Health facilities were able to retain 29,893 (80%), 20,079 (74%) and 5,069 (68%) of their patients after 6, 12 and 24 months on ART, respectively. Retention rates vary across health facilities, ranging from 51% to 85% after 24 months on ART. Mortality was 5%, 6% and 8% after 6, 12 and 24 months on ART. More than 79% of patients with available CD4-cell counts had a baseline CD4-cell counts less than 200 cells per micro-liter of blood. The median CD4-cell counts (based on patients who were retained after 24 months on ART) increased from 125 (inter-quartile (IQ), 68-189) at baseline to 242 (IQ, 161-343), 269 (IQ, 185-380) and 316 (IQ, 226-445) cells per micro-liter after 6, 12, and 24 months on ART, respectively. The transition to second-line ART remained very low, 0.33%, 0.58% and 2.13% after 6, 12 and 24 months on ART.
The outcomes of the ART services in the 55 health facilities in Ethiopia are similar to those in other countries. Retention of patients in care is a major challenge and varies across health facilities with high, medium and low retention rates. We therefore recommend further studies to understand the organization of care in health facilities with high, medium and low retention rates. It is also imperative that early initiation of patients on ART is taken seriously as more than 79% of the patients had baseline CD4-cell counts less than 200 cells per micro-liter of blood. Finally, we recommend that the shift to second-line ART might be too low and warrants close monitoring.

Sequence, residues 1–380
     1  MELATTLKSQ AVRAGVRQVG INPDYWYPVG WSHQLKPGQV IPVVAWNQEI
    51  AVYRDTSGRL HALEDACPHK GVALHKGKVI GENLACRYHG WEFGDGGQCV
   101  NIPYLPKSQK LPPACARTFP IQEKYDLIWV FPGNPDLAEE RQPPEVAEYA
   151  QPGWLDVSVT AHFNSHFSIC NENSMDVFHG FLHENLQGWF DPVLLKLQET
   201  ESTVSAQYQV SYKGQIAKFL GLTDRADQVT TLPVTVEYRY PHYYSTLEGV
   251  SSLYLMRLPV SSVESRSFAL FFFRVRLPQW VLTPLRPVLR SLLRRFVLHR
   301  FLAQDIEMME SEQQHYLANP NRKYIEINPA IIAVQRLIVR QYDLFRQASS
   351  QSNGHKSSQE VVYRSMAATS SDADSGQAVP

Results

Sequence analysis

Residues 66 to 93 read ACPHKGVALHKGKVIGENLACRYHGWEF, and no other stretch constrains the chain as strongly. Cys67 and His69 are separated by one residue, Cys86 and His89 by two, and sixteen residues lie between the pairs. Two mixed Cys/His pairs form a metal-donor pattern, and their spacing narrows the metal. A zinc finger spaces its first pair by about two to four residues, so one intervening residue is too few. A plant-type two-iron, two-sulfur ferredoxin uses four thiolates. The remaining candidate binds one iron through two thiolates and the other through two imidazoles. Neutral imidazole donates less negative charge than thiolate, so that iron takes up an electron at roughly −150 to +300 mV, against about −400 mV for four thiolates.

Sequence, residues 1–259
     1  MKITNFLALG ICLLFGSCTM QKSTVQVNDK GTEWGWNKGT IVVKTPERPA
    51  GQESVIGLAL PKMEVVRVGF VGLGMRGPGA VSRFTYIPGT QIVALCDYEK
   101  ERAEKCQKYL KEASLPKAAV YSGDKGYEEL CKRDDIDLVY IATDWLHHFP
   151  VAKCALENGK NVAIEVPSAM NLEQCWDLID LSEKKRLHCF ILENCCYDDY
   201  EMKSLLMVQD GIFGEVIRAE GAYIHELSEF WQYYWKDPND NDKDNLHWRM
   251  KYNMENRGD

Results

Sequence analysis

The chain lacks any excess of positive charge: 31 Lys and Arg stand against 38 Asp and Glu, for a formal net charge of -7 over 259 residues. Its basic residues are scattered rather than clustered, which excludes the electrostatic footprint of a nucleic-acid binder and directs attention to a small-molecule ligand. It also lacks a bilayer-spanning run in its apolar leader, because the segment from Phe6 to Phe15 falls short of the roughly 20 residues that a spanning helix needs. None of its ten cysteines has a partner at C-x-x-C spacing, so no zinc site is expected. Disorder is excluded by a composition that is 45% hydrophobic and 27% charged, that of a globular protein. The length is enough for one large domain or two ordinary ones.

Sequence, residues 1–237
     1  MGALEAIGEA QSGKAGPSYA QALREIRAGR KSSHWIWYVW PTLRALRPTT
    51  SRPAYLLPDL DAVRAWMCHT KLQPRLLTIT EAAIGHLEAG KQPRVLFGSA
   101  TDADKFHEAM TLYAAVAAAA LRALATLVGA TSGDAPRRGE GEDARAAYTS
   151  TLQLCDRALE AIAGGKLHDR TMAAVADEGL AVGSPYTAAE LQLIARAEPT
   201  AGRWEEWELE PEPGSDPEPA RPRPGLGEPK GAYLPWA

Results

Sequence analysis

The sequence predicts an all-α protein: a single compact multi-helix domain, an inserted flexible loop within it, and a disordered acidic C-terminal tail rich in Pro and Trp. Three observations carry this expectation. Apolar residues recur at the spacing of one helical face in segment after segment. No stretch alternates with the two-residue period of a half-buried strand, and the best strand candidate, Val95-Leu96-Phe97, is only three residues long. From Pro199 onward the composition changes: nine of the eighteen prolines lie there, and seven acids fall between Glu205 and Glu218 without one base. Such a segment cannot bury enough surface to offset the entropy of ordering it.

In sub-Saharan Africa, many patients initiate antiretroviral therapy (ART) at CD4+ cell counts much lower than those recommended in national guidelines. We examined program-level and contextual-level factors associated with low median CD4+ cell count at ART initiation in populations initiating ART.
Multilevel analysis of aggregate and program-level service delivery data.
We examined data on 1690 cohorts of patients initiating ART during 2004–2008 in eight sub-Saharan African countries. Cohorts with median CD4+ less than 111 cells/μl (the lowest quartile) were classified as having low median CD4+ cell count at ART initiation. Cohort information was combined with time-updated program-level data and subnational contextual-level data, and analyzed using multilevel models.
The 1690 cohorts had median CD4+ cell count of 136 cells/μl and included 121 504 patients initiating ART at 267 clinics. Program-level factors associated with low cohort median CD4+ cell count included urban setting [adjusted odds ratio (AOR) 2.1; 95% confidence interval (CI) 1.3–3.3], lower provider-to-patient ratio (AOR 2.2; 95% CI 1.3–4.0), no PMTCT program (AOR 3.6; 95% CI 1.0–12.8), outreach services for ART patients only vs. both pre-ART and ART patients (AOR 2.4; 95% CI 1.5–3.9), fewer vs. more adherence support services (AOR 1.6; 95% CI 1.0–2.5), and smaller cohort size (AOR 2.5; 95% CI 1.4–4.5). Contextual-level factors associated with low cohort median CD4+ cell count included initiating ART in areas where a lower proportion of the population heard of AIDS, tested for HIV recently, and a higher proportion believed ‘limiting themselves to one HIV-uninfected sexual partner reduces HIV risk’.